Wrist and Hand Pain Rehab Part II

Rehabilitating Wrist and Hand Pain Part II

Dr Alexander Green

NOVA Headache & Chiropractic Center

In this article we will continue our discussion of hand/wrist rehab by beginning to address some of the regions of the body that influence the wrist and hand:

The first region we will be taking a look at is the neck. We discussed earlier that all of the nerves that control motor and sensory function in the hand originate in the neck. These nerves exit the next in between spinal bones. Stress and strain in the neck can influence the function of the nerves, and can even cause pain or numbness that travels down to the hand. Abnormal stresses are placed on the body whenever we deviate from an “ideal” or neutral posture.

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In order to better explain the rehab exercise below, we must first talk about what we should be aiming for when we talk about having “good” posture. When talking about the neck, a neutral posture means that the opening of the ear is in line with the shoulder. In this position, the compression and shearing forces placed through the joints and discs of the neck are equivalent to the weight of the head (~8-12lbs). If the head and neck move forward from this position, the shearing and compressive forces increase dramatically. If you are having difficulty visualizing this, try holding a weight close to your body for a few seconds, and then try to hold that same weight at arms length away from the body. In which position are you feeling more strain on the muscles and stress on the joints?

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The goal of the first exercise is to bring the head and neck into a neutral position, so as to reduce the stress on that area. 

Step 1: In a seated position, place your feet firmly on the floor, hip width apart. There should be a 90 degree angle at the knee and hip (you should not be slouching)

Step 2: Place two fingers of one hand on the chin, and push the head back so that you bring the ear in line with your shoulder

Step 3: Maintain your head and neck position, while bringing the arms out to the side. Rotate the arms so that the thumbs are pointed backwards. (your shoulder should be relaxed- do not try and pinch the shoulder blades together)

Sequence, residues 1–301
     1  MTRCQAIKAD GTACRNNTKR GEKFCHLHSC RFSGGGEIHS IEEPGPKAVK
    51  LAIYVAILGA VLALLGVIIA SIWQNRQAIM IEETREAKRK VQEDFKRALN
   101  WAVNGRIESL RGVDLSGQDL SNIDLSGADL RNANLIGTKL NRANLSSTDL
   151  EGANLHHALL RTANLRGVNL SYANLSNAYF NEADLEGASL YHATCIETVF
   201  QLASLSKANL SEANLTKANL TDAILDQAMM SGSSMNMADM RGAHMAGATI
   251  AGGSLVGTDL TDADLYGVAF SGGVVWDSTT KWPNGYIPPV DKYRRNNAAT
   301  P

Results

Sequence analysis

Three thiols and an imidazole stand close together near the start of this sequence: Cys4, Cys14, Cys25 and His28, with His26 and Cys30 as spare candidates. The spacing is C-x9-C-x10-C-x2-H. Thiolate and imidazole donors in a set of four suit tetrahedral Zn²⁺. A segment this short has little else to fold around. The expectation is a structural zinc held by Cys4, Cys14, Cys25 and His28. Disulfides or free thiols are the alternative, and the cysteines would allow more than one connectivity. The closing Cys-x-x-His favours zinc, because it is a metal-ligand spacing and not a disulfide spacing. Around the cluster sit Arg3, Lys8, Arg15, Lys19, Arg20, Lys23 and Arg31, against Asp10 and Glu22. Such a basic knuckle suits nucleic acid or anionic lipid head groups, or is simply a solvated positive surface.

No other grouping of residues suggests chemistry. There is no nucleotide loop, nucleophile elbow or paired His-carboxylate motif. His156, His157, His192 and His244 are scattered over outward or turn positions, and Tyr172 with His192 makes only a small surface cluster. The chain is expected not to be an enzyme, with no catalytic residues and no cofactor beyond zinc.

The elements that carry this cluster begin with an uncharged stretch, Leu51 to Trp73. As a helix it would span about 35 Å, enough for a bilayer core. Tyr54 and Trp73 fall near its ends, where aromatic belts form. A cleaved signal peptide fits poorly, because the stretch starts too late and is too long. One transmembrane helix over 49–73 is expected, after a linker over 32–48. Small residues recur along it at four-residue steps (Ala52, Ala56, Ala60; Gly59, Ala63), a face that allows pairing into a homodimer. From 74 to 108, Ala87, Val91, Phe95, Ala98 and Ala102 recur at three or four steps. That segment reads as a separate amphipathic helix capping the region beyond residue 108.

Step 4: Hold all the postural queues discussed above for a 3-5 second count before relaxing. Repeat. 

**Start with trying to perform 25 repetitions per day, and work up from there. Remember that when trying to make a postural change, we are not simply trying to strengthen muscles, we are trying to create new neurological pathways- we want to change the way your brain is choosing to move and stabilize your body. Making these types of changes takes time, and consistent (daily) effort. **

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The next few exercises will be more focused on the mechanics of the shoulder blade. The function of the shoulder blade is to act as an anchor point for the shoulder complex. The shoulder complex influences not only the hand but also the neck. The shoulder blade is most stable when the muscles below it and the muscles above it are activating symmetrically. Keep this in mind when looking at the next few movements.

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This exercise is aimed at activating the muscles below the shoulder blade:

Step 1: Anchor your resistance band to a point that is at or above eye level.

Step 2: With arms outstretched in front of you, grab the resistance band in both hands- palms facing each other, and step away from the anchor point until there is some tension on the bands (the bands should not be slack at any point)

Step 3: Set your head and neck in a neutral position (as discussed in the postural exercise above)

Step 4: Pull the hands towards your hips. Stop when your hands have reached either side of your hips and hold this position for at least 1 second, before slowly resisting the bands as you return your arms to the starting position (step 2)

Step 5: Repeat. Try to do 2 sets of 10 reps, but remember- fewer repetitions with better form will be more helpful to you than more reps with poor form!


The last exercise focuses on activation of the muscle above the shoulder blade:

Step 1: Anchor the resistance band at chest level, or slightly below.

Step 2: Grasp the resistance band in one hand. Note that the side holding the resistance band should be the side that is furthest from the anchor point.

Step 3: Place your elbow at 90 degrees , and hold it close to your side (this position should stay the same throughout the exercise). Step away from the anchor point so there is tension on the band.

Step 4: Keep the wrist neutral as you rotate the arm away from the body. When you have rotated the arm as far away as you can from your body, hold this position for at least 1-3 seconds. 

Step 5: Repeat. You should seek to keep the resistance lighter for this exercise and the repetitions lower, as the muscles that are above the shoulder blade are smaller and more susceptible to injury if overused.

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